Connected Conversations | Shrutika Mane
On top of being a second-year health and medical sciences student, Shrutika Mane juggles a range of other roles, including being an entrepreneurial dance teacher, TEDx presenter, Headspace Youth Ambassador, and Miss India Australia – just to name a few. Add all this to majoring in public health during a global pandemic and you could say Shrutika has her hands pretty full. She wouldn’t have it any other way.
Please tell us a little bit about yourself.
Hey, I am Shrutika! A bit about me — I am a second-year Bachelor of Health and Medical Sciences (Advanced) student at the University of Adelaide. I was born in the UK and brought up in India and Australia. I’ve been a classical Indian (Kathak) dancer for over 12 years, under the guidance of my Gurumaa Smt. Sarita Kalele ji in Mumbai. I initiated my first small business in 2019 — Apsara Dance Class. Along with teaching dance, my aim was to guide my students towards finding a connection between the mind and the body through the movement of dance.
Over the years of my schooling, I found my passion in public speaking and debating, following which I went on to win the Frank Anthony Memorial All-India Inter-School Debate in 2015, along with being a news presenter for the Indian national ZeeQ Channel at the tender age of 15.
In Adelaide, I am currently a Youth Ambassador at Headspace, where we aim to de-stigmatise conversations around mental health issues in young adolescents. I have been training in screen acting for over two years now and I recently won the title of Raj Suri Miss India Australia 2020 and will go on to represent Australia at Miss India Worldwide in October 2021 in Mumbai, India. I also spoke about the art of 'Conscious Living’ back in March at TEDx, organised by the University of Adelaide.
I decided to study the Bachelor of Health and Medical Sciences (Advanced) for a few different reasons. One, of course, was my keen interest in majoring in public health but also because I have always tossed up between science and business. In this degree, I didn’t have to choose one over the other with all the space in the outline of the degree to study open electives (subjects from other fields that may interest you). That way, I can study international business, commercial law, and economics on the side, while pursuing public health, which I thought was extremely unique.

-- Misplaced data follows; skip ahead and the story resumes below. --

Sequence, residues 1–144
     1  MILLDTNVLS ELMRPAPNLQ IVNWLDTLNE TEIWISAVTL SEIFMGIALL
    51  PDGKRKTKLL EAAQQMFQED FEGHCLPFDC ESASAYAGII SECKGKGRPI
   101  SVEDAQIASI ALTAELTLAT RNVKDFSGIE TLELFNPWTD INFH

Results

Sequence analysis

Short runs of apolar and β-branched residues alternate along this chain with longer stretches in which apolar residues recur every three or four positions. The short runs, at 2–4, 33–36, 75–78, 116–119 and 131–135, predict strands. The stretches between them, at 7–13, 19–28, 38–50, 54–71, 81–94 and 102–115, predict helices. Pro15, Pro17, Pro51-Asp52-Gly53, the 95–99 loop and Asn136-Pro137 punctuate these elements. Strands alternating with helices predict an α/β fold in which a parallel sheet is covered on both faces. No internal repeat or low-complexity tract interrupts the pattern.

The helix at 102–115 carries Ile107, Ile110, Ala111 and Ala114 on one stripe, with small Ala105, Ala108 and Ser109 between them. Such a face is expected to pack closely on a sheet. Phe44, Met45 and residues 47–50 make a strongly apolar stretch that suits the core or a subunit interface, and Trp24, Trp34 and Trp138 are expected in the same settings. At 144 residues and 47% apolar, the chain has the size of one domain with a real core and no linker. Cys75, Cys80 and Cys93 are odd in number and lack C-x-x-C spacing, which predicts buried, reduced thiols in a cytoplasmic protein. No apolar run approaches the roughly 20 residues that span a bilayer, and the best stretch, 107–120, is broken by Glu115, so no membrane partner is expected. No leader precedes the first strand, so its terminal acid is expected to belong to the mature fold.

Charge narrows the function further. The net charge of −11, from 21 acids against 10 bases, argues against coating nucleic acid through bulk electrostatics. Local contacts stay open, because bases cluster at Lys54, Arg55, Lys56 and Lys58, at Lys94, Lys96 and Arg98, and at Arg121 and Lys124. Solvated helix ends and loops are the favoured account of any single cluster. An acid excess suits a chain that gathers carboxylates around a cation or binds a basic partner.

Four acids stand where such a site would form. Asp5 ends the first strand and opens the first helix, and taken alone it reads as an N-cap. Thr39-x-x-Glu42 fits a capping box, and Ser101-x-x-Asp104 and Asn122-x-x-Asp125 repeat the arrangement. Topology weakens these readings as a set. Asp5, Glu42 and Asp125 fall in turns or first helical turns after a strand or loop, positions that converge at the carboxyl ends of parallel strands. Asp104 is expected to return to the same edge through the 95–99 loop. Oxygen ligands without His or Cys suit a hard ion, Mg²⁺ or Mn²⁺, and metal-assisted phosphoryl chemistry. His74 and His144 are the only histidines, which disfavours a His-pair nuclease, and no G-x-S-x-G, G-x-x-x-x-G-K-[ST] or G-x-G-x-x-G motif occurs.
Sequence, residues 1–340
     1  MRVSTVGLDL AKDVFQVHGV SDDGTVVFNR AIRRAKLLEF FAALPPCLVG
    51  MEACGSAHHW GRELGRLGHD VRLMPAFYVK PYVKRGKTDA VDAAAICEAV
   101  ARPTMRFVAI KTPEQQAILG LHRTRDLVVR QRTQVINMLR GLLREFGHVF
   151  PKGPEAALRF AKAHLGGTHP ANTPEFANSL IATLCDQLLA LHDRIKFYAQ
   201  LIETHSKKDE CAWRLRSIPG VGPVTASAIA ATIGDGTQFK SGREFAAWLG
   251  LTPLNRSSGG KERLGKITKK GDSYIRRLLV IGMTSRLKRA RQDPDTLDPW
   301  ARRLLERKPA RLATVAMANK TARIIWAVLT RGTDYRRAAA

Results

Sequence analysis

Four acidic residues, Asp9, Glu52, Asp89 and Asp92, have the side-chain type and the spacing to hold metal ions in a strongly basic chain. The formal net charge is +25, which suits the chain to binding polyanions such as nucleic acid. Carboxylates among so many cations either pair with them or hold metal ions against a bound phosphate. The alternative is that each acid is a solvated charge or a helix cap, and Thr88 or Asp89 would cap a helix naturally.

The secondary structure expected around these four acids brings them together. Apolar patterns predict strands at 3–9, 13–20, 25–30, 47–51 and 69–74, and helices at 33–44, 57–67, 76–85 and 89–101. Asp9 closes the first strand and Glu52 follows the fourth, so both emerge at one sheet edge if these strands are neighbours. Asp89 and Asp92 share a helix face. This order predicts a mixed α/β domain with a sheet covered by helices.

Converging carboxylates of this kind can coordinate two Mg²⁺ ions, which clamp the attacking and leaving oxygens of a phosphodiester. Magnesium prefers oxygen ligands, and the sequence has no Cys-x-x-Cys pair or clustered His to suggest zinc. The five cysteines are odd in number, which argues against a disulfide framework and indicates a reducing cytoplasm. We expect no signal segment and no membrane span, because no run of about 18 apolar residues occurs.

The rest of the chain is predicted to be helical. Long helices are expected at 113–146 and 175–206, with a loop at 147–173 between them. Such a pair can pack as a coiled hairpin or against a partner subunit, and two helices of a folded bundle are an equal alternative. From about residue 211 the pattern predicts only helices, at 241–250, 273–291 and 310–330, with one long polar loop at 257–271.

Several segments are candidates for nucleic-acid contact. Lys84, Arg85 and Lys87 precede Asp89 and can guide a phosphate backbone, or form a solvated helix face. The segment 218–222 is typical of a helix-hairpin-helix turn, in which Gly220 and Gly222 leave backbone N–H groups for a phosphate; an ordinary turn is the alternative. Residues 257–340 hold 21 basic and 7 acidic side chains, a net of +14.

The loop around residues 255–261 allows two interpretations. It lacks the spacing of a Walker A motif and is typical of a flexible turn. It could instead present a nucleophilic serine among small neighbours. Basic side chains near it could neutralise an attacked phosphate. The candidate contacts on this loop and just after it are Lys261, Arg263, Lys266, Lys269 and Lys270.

I was most excited to learn about the fact that you get to do a work placement or research component in the final semester of the degree. To be able to gain work experience in the field as part of the degree is an amazing opportunity. I have heard from alumni that they were able to even secure a full-time position at their placement after graduating so, in that way, the final semester acts a huge career boost by saving you months of job searching. The degree is all about hands-on and practical experience, which I believe is the best way to learn.
What has been your journey to get where you are today?
I was born in the UK to Indian parents, moved to India at the age of six and then to Australia at the age of 15. Growing up, I have moved around a lot and consider myself lucky enough to have explored different cultures, communities, and backgrounds across the globe. Even after moving to Australia, we moved every year and shifted between rented houses–from Sydney to Port Macquarie to Perth to Adelaide. I completed high school in three different schools–changed friends, subjects, went from HSC to WACE, from public co-ed to private all-girls and each experience taught me something different and made me who I am today.
I have been raised by a single mother, but I never felt as though our family was incomplete. My mother has been rock solid through every single challenge we have faced over the years. Whether it was the separation of my parents when I was very young, moves across countries or cities, her jobs, our income, running the house, she made sure we didn’t just survive but thrived through every experience. I believe it was my parents’ separation and the moving around that taught me how to handle responsibilities at a very young age.
Having moved to Australia at the age of 15 as a young Indian female, the change in accent, friends, lifestyle, schools was a lot to take in. I remember for the first year after moving, I constantly wanted to move back to India–the place I called home. But the warmth and love in Australia for diversity, multiculturalism and generosity won me over. Today, after six years, I feel at home in Australia; the opportunities, the people and beauty of this land are unmissable.
Why did you choose the University of Adelaide for your studies?
My family lives in Sydney and, of course, as most of us are, I was extremely comfortable at home. I didn’t feel the need or urge to push myself to explore new things. So, the decision to move interstate to Adelaide meant independent living and that is exactly how I wanted to spend my time at university — living by myself, exploring who I am, earning on the side, and meeting new people in a new city, moving out of my comfort zone — ‘hustling’.
At the time of applying for university, I was considering moving to either medicine or dentistry from health and medical sciences. But once I started the degree, I enjoyed the structure of it so much that I was inclined on finishing the full degree to the very end. My interest in public health and management has grown tremendously over this past year and I know that lots of incredible opportunities can emerge out of this combination of the two fields.
Adelaide in itself is a beautifully warm city. I find that it’s perfect for students–meeting new people, networking with industry professionals, so many new start-ups are on the rise in SA and, on top of that, a quick weekend getaway is so easily possible. It is so well-connected; it seems as though everyone knows everyone, and I enjoy having that sense of familiarity.
What do you love most about studying at the University of Adelaide?